The fourth state of matter: How Sun's plasma could help answer humanity's challenges
Scientists are studying plasma in the Sun’s atmosphere, to help address some of humanity’s greatest challenges – from harnessing an endless source of green energy to building knowledge of the Earth’s climate.
In understanding more about solar physics, the team will also push the boundaries of knowledge about space weather, space travel and fundamental astrophysics. The £1.1 million study, funded by the Horizon Europe programme, is a collaboration of universities and research institutions in the UK, Czech Republic, Argentina and Colombia. It will use data from world-leading ground-based and spaceborne telescopes, alongside modelling with state-of-the-art theoretical approaches including machine-learning – a type of artificial intelligence (AI).
Principal Investigator Professor Valery Nakariakov, Department of Physics, at the University of Warwick, said: “More than 99% of the visible Universe is in the form of a plasma – the fourth state of matter. The study of physical properties of a plasma, however, forms one of the most far ranging and challenging research areas in physics today.
“From cosmological objects to controlled fusion, this complex, but fundamental, state of matter is proving to be of ever-greater significance in understanding the dynamics of the Universe and in harnessing the material world for the greatest technological result and the improvement of our society.
“The strategic aims of plasma research relate to the global challenges faced by humankind. One is the ecologically friendly and practically endless source of energy, the controlled fusion reaction that is believed to be achievable in magnetic confinement reactors. The working body in tokamaks reactors (devices used to generate energy via fusion reactions) is a plasma. Another is the understanding of an important aspect of climate change, the solar effect on climate. Also, the plasma research plays the central role in Space Weather, the study of the solar-terrestrial relations through the physical processes operating in the outermost layer of the Sun - the heliosphere.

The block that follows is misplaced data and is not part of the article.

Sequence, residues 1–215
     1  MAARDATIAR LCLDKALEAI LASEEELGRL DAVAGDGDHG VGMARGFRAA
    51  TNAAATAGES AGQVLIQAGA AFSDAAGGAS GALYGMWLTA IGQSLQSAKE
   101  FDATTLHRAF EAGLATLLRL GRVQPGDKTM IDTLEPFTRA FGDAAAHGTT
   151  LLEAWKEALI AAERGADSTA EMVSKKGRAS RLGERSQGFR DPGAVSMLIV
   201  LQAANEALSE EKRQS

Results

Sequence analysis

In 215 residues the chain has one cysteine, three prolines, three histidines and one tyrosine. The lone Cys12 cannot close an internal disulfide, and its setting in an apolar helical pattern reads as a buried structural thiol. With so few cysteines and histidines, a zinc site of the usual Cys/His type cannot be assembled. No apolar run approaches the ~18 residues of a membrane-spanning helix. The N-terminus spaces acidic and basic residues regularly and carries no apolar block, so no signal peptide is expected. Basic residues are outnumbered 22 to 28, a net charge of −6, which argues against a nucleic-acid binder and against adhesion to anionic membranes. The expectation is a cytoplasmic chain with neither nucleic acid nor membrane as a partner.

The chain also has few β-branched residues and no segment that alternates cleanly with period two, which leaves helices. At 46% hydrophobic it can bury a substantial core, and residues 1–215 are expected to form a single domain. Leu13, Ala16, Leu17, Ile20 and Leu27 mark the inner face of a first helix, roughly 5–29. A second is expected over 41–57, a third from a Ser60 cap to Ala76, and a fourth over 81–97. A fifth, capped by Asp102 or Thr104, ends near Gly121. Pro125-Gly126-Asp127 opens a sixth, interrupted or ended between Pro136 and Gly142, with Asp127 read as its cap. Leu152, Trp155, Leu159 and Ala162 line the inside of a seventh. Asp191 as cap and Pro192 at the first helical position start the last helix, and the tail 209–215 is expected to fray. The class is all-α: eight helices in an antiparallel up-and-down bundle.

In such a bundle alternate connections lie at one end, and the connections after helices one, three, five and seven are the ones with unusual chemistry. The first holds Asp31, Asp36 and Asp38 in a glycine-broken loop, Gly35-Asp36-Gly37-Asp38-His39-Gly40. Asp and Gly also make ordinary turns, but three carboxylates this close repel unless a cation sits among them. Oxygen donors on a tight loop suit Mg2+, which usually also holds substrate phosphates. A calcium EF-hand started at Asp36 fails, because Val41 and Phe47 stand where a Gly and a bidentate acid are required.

“This branch of science is becoming increasingly important in the context of space exploration, for example Moon and Mars expeditions, and the stability and safety of space-based telecommunication and tele-navigation systems, and energy supply lines and pipelines.
“I’m thrilled to be involved in this study of plasma physics – which are fundamental for astrophysical processes. The solar corona is the ‘Rosetta stone’ for plasma behaviour in other astrophysical objects, and a natural laboratory for basic plasma physics studies.”
Professor James McLaughlin of Northumbria University adds: “The Sun affects the Earth on a global scale, and so it makes sense to tackle these challenges with a truly international team. It is wonderful to be involved in this Horizon Europe programme that will share knowledge via the exchange of staff and students across Europe and South America.”
The institutions involved in this study are the University of Warwick (Principal Investigator), Northumbria University (UK), Katholieke Universiteit Leuven (Belgium), University of South Bohemia České Budějovice (Czech Rep.) on the European side, and the Consejo Nacional de Investigaciones Científicas y Tecnicas (Argentina), and National University of Columbia, Colombia.
Find out more about the Warwick research centre here https://warwick.ac.uk/fac/sci/physics/research/cfsa/
Notes to Editors
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25 July 2023